If we are made in God’s image, then we are meant to create and to live in community.  The Christian life should be a shared life.  Think back about those three passages of Scripture we’ve heard this morning from Acts 2, 1st Corinthians 12, and Philippians 2.  What things are described as “shared” in those passages?  We see shared fellowship.  We see shared tables, shared food.  We see shared homes, people opening their homes to each other.  We see shared resources, financial help for those in need.  We see shared joy, being glad together when one is glad.  We see shared sorrow, grieving together when one is sad.  We see shared encouragement.  We see shared love.  We see shared work.  And we see shared interest in each other’s lives.  At no point in there do we see any kind of focus on the individual.  Everything is about a community of faith growing together.

 And if that is what the Christian life is, then what is the Church?  The Church is meant to be a creative community that is built by its members.  It’s not simply to be a dispenser of spiritual services.  The Church does not exist to “feed” its members.  I don’t know about you but I’ve heard many people say that over the years:  “I just wasn’t being fed there.”  That’s a consumer-minded approach to the church.  The emphasis is all on what I take from the church, not what I make of the church.  

 The Church exists to give glory to God and to build the Kingdom of God.  The emphasis should be on how each member builds up the church rather than on how the church serves its “customers.”  

 Our best creativity happens in community.  We are inspired as we live our lives in community.  We hear from God best in community.  Those of you who read “Experiencing God” last fall might remember this example:  A man was walking down a set of railroad tracks, and he didn’t see a train coming.  But his ears said, “I hear one behind me.”  And his feet said, “I feel the ground moving.”  But his eyes insisted, “I don’t see one.”  That’s how it is if our Christian life is just “me and Jesus.”  We are unaware of so much of what God is doing around us if we are not connected to the Body of Christ.   

 No body can function at its full capacity, unless every member contributes.  It can function.  Take away a hand, and the body can still function.  But it can never do everything that it could if it were whole.  And likewise, a church can never do everything God intends it to do unless every member is vitally connected to the rest.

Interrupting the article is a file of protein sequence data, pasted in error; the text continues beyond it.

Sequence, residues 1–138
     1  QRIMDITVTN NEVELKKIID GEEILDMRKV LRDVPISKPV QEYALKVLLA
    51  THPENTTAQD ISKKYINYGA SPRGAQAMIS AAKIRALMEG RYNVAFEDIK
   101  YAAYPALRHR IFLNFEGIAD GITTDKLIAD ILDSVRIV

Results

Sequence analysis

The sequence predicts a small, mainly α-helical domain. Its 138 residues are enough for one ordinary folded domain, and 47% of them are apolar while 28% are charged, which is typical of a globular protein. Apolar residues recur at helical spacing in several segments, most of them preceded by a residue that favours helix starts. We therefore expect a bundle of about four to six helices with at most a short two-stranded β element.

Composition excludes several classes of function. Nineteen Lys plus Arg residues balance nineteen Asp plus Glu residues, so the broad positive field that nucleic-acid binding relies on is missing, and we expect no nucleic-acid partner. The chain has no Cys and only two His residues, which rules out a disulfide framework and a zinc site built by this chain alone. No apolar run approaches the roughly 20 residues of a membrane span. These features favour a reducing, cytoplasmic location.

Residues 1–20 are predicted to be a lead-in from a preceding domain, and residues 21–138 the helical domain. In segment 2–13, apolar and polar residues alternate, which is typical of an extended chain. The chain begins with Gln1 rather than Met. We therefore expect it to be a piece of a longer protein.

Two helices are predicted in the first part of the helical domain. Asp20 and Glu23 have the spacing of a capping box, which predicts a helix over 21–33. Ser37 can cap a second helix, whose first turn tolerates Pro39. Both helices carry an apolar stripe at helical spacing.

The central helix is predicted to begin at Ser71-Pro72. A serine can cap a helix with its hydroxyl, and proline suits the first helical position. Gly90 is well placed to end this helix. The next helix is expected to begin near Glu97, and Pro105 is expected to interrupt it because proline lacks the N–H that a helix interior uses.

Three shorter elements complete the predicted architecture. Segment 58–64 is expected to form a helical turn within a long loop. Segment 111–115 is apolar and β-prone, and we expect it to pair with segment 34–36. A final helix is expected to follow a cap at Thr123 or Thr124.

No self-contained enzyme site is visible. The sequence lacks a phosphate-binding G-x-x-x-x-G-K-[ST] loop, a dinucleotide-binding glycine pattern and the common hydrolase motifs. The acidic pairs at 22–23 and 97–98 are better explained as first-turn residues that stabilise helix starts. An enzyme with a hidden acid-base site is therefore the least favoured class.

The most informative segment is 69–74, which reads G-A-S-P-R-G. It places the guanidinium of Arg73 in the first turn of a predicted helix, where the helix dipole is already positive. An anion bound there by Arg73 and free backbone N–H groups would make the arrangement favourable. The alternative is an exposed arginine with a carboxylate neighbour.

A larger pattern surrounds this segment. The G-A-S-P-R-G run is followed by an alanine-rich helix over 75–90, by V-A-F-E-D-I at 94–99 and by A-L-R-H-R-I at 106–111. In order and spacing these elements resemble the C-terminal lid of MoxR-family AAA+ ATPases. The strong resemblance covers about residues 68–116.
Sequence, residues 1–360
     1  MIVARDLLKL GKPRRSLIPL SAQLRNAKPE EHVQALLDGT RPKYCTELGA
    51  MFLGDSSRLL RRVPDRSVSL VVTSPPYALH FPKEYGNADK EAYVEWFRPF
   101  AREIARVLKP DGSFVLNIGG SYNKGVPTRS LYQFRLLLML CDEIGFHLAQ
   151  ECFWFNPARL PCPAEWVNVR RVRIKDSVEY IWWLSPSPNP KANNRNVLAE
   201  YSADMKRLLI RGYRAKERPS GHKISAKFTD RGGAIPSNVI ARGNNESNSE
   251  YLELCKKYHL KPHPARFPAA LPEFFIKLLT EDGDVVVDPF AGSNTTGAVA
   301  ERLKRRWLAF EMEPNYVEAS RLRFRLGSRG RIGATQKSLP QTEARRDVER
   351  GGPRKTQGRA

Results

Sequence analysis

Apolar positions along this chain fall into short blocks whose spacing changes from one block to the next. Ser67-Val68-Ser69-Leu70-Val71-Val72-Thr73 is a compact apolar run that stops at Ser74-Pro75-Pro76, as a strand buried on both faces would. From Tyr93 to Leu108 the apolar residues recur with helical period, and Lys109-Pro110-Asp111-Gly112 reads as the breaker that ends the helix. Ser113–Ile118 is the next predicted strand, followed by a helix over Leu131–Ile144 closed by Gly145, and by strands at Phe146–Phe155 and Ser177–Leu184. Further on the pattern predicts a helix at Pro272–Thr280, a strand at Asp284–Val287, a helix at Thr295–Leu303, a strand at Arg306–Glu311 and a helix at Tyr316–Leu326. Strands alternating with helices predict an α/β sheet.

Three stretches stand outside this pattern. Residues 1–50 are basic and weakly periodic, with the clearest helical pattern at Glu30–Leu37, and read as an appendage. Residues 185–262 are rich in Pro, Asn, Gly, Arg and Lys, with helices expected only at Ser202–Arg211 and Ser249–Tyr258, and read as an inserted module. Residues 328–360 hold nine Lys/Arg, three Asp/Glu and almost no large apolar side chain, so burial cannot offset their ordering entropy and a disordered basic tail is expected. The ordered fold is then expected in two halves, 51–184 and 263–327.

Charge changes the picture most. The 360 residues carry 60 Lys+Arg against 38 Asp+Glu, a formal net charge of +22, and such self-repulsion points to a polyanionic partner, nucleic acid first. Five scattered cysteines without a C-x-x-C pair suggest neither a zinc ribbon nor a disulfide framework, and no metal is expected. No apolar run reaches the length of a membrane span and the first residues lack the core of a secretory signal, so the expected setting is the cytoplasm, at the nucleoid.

So how do we build healthy community?

 First, we must value the contribution of every member.  Every member must be honored for what they bring to the Body.  Their gifts, their resources, their ideas, their places of ministry, and how God is at work through them must all be valued by the whole church.  No one can be ignored as insignificant to the life of the church because without that member, the Body can’t function as God intended it.

 Second, there must be a plan for “assimilation,” for integrating people into the community of faith.  How do new people enter into this community?  And for those who have lost their vital connection to this community, how can they be restored?  Churches that are not intentional about integrating people into the community seldom do it well.

 And finally, a church needs to create opportunities for relationships to form and grow.  For casual relationships, the concept of a “third place” is often important.  A third place is not where you live, not where you work, but a third place.  A place where you socialize, get to know people.  Starting a coffee hour after worship once a month was something we did to try to make a “third place” here at Seward.  

 But of course we also want relationships to grow.  And one of the best ways that happens in the Church is through small groups, places where relationships go deeper.  Bible studies, Sunday School classes, men’s or women’s groups, even church committees or teams can be places where relationships go deeper.  

 For the last year, the Vision Team has been working to create a strategic plan for our church, and we are still working.  The first part of that process was to write Vision, Mission, and Core Value statements for our church that are intended to direct us toward health.  But that’s just the beginning.  From here we are moving on to re-examine our whole church life to bring it to health.